EAST COUNTY — As Kevin Daves drives through The Concession, it feels as though he’s hit a “reset” button.
Though the majority of the property remains untouched, earth is moving again.
Since Feb. 23, 19 home sites and one model home have sold in the luxury community at the eastern end of University Parkway.
Builders are preparing to break ground on models — set on what Daves calls “Builders’ Lane” — within 30 days for the community’s second phase.
“Everything’s in place,” said Daves, the community’s original developer. “It’s almost a better time (to build than during the real-estate boom).”
“There are a lot of developers who would have walked away from this,” he said, noting his company overcame financial hardship to push the project along. “I can’t do that.”
The vision Daves cast for the 1,240-acre Concession property — one now dotted with luxury homes amid a Florida scene of pine trees, live oaks and palmetto plants — is one that blends high-end, custom-home construction with an Old Florida feel uncommon to such developments.
“The land kind of told you what needed to happen (on it),” Daves says.
The community’s 234 home sites range from one-half to one acre, and homes are situated along preserve areas — separate from an award-winning golf course.
Daves says he’s always had three obligations: putting streets in the community, building a golf course and to build a clubhouse for residents. All of those elements have been completed.
Construction on the community’s first homes started in 2004; the famed 18-hole Jack Nicklaus-designed golf course opened in 2006.
Daves later pursued building a high-end clubhouse, despite economic changes.
“I felt like when the market came back, (we’d be in good shape if all those things were in place),” Daves said.
When development of The Concession first began, Daves and his company, Concession Land Development — a joint venture between Daves, his company Core Development and New York-based Property Markets Group — worked out a deal with Lakewood Ranch developer Schroeder-Manatee Ranch to secure land and take on the extra $3 million expense of building University Parkway west from Lorraine Road so The Concession could have a second access for its future 234 homes. They’d previously planned for the main entrance to be off State Road 70.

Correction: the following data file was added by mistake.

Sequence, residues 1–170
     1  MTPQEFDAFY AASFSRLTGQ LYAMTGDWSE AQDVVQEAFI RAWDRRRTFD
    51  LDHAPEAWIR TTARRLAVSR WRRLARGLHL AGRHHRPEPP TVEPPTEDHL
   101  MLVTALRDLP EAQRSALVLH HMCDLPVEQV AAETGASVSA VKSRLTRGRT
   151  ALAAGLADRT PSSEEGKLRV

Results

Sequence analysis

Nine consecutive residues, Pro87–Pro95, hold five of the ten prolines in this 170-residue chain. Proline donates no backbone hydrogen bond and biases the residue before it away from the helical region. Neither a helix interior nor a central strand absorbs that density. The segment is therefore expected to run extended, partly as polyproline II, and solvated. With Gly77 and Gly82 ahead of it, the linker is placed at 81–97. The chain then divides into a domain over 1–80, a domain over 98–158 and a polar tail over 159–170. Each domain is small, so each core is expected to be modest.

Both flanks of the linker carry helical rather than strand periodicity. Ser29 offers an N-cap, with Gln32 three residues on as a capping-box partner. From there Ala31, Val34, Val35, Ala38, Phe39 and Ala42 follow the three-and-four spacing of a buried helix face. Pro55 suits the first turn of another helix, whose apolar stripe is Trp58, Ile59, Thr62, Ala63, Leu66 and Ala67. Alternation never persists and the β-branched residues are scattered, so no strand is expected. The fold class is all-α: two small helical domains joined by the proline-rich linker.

“We felt it was probably a positive impact (to the community),” Daves said.
The Concession’s birth went quickly, with more than 110 lots selling in the project’s first phase. At that time, home sites were selling for $1.3 million, Daves said. The Concession’s second phase opened just before the real-estate market took a drastic hit in 2007; only six homes had been sold. After that, everything seemed to stand still.
Developers fell behind on the mortgage payment for phase two, and the financial institution backing the project opted not to renew the loan. Daves and his partners worked hard to avoid foreclosure, bringing in an outside investment group to pay off the loan for the remaining 113 lots in December. Concession Land Development now has a buyback on all the lots over a period of time, Daves said.
With financing in order, the company has secured a team of builders to carry forward the community’s development.
Anchor Builders, Arthur Rutenburg Homes, Holiday Group, John Cannon Homes, John Neal Homs and Lee Whetherington Homes should break ground on models on a stretch called “Builders’ Lane” by the end of May, likely sooner.
Only two of those builders — John Cannon Homes and Anchor Builders — built in The Concession’s first phase. Many of the other original builders went out of business, Daves said.
Daves smiles as he thinks about a prediction he made two years ago: a shortage of lots would evolve in the market.
The prediction is one reaching fulfillment, particularly for larger half-acre or larger properties.
“People sat on the sidelines for so long, and they realize (now is a good time to buy),” Daves said. “The stock market is high. We have low interest rates. It’s a little bit of a perfect storm.”
Plus, prospective homebuyers now can purchase lots in The Concession for as low as $199,000.
“We expect to sell out in three years (if this pace keeps up),” Daves said.
Daves says this “perfect storm” has more checks and balances in place than the one that occurred during the recent boom years — and that’s a good thing.
“None of us wants to go back to the hyper building (activity),” Daves says. “We’re in much better shape now.”
Contact Pam Eubanks at firstname.lastname@example.org.
Click here to view a site plan of the project.